by Kathleen James-Chakraborty.  University of Minnesota Press, February 2014.  512 p.  ill.  ISBN 9780816673971 (pbk.), $49.95.

Reviewed July 2014
Paul Glassman, Director of Library Services and Associate Professor, Felician College,
Is there really a need for another architecture survey text?  And why begin at 1400?  (Perhaps because second-semester architectural survey courses constitute the presumed readership.)  The author, of University College Dublin, attempts to answer both questions:  she eschews the more conventional reliance on style as an organizing principle, and 1400 marked the start of a global cross-fertilization of architectural ideas. 

What differentiates this survey is its attempt to correct a tendency to favor Western architecture, thus marginalizing the rest of the planet, and the added value of cross-cultural observations.  The aim, it seems, is to challenge the dominance of the Italian Renaissance as the high-performance engine that drives our view of buildings.  Rather, by locating buildings in their culture and political environments, the author assesses their achievement in terms of civic presence and social values. 

Since the method is cross-cultural, it is suitable to compare the treatment here of three topics to their interpretation in two competing publications, Buildings Across Time: An Introduction to World Architecture, by Michael Fazio, et al. (McGraw-Hill, 2007) and A Global History of Architecture, by Frank Ching, et al. (J. Wiley & Sons, 2011). 

On Henry Hobson Richardson, the analysis centers on the abstract, organic quality of the glacial boulders piled up at the Ames Gate Lodge, while the other sources displace the Gate Lodge with the triumphant Trinity Church, adding to that a group of his houses and examining their textures and spaces in admirable detail.  Of the three, only Professor James-Chakraborty includes Burnham and Root's Rookery in Chicago, emphasizing its income-producing aspects and erroneously describing its load-bearing masonry walls as skeletal.  And on the subject of Louis Sullivan, the coverage varies most widely, with Ching all but dismissing his achievement, Fazio providing a satisfactory overview, and James-Chakraborty providing what emerges as her characteristic parti analysis of materials and ornament in the Carson Pirie Scott store.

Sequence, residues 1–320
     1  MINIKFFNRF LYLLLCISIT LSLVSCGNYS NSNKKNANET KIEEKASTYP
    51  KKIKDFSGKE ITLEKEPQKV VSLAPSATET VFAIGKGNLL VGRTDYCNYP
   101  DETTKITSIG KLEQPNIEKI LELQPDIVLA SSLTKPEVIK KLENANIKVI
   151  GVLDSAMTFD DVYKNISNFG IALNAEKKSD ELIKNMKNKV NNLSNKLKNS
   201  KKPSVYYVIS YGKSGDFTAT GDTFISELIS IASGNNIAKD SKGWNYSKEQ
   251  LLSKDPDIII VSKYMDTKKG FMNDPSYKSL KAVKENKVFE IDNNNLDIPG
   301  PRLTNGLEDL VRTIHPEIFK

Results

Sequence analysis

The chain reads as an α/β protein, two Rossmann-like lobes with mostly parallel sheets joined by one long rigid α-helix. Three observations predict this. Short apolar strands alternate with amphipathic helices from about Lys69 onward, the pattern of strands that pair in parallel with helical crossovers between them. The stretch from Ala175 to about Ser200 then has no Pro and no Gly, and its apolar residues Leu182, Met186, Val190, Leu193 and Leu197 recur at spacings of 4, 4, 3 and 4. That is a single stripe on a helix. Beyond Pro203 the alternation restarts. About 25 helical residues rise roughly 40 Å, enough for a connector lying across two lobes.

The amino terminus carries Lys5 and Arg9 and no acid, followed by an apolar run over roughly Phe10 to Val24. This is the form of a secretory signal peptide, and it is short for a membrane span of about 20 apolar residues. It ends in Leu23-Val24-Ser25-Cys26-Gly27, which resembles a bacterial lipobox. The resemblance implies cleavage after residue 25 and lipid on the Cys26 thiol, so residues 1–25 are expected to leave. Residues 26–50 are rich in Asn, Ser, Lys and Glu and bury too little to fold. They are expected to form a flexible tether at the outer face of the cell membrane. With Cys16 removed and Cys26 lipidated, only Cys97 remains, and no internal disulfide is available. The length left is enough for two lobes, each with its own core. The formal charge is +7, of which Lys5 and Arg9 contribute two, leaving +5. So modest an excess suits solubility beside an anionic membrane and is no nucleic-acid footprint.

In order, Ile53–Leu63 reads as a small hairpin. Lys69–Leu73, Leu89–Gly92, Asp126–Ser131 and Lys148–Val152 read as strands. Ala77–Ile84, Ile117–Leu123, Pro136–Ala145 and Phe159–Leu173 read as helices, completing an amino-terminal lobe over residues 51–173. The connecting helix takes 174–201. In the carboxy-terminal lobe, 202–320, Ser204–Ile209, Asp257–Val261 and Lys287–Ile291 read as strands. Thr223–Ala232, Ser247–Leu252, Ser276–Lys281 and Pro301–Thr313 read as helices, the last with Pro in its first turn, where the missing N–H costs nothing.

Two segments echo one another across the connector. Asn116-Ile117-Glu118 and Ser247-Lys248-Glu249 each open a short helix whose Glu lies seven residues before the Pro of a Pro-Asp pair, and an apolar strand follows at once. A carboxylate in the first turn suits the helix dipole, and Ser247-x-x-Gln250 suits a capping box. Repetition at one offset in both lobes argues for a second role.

Despite ample references and an index, the book's apparatus is otherwise inadequate: floor plans are few, and exclusively black-and-white photographic illustrations are consistently flat.  Nevertheless, a few important and fresh observations emerge:  the atavistic reference in Erich Mendelsohn's Schocken store in Stuttgart to the deeply suppressed Chicago windows in Carson Pirie Scott; and an insightful link between the geological imagery in both the Gate Lodge and Fallingwater.  Thus, this is a book not for those interested in teaching or learning about the core concepts of architectural experience, but rather for those who seek a deeper orientation toward the poetics of building design.
© 2014 ARLIS/NA